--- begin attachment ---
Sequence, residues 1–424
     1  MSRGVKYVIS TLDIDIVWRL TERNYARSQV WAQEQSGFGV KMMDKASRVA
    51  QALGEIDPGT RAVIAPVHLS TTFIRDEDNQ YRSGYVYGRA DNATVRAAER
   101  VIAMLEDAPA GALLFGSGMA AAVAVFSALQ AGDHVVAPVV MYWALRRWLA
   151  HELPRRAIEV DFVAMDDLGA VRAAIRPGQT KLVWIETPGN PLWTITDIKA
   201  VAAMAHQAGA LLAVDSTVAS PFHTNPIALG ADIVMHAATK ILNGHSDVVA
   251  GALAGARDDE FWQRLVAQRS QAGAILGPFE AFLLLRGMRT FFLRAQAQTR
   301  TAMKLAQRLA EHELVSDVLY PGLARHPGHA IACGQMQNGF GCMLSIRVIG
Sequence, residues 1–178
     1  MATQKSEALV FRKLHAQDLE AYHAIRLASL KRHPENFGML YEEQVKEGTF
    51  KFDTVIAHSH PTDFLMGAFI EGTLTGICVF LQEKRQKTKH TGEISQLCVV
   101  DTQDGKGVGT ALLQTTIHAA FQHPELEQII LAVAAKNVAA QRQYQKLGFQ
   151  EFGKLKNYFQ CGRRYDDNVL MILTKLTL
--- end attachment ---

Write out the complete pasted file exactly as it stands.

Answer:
Sequence, residues 1–424
     1  MSRGVKYVIS TLDIDIVWRL TERNYARSQV WAQEQSGFGV KMMDKASRVA
    51  QALGEIDPGT RAVIAPVHLS TTFIRDEDNQ YRSGYVYGRA DNATVRAAER
   101  VIAMLEDAPA GALLFGSGMA AAVAVFSALQ AGDHVVAPVV MYWALRRWLA
   151  HELPRRAIEV DFVAMDDLGA VRAAIRPGQT KLVWIETPGN PLWTITDIKA
   201  VAAMAHQAGA LLAVDSTVAS PFHTNPIALG ADIVMHAATK ILNGHSDVVA
   251  GALAGARDDE FWQRLVAQRS QAGAILGPFE AFLLLRGMRT FFLRAQAQTR
   301  TAMKLAQRLA EHELVSDVLY PGLARHPGHA IACGQMQNGF GCMLSIRVIG
Sequence, residues 1–178
     1  MATQKSEALV FRKLHAQDLE AYHAIRLASL KRHPENFGML YEEQVKEGTF
    51  KFDTVIAHSH PTDFLMGAFI EGTLTGICVF LQEKRQKTKH TGEISQLCVV
   101  DTQDGKGVGT ALLQTTIHAA FQHPELEQII LAVAAKNVAA QRQYQKLGFQ
   151  EFGKLKNYFQ CGRRYDDNVL MILTKLTL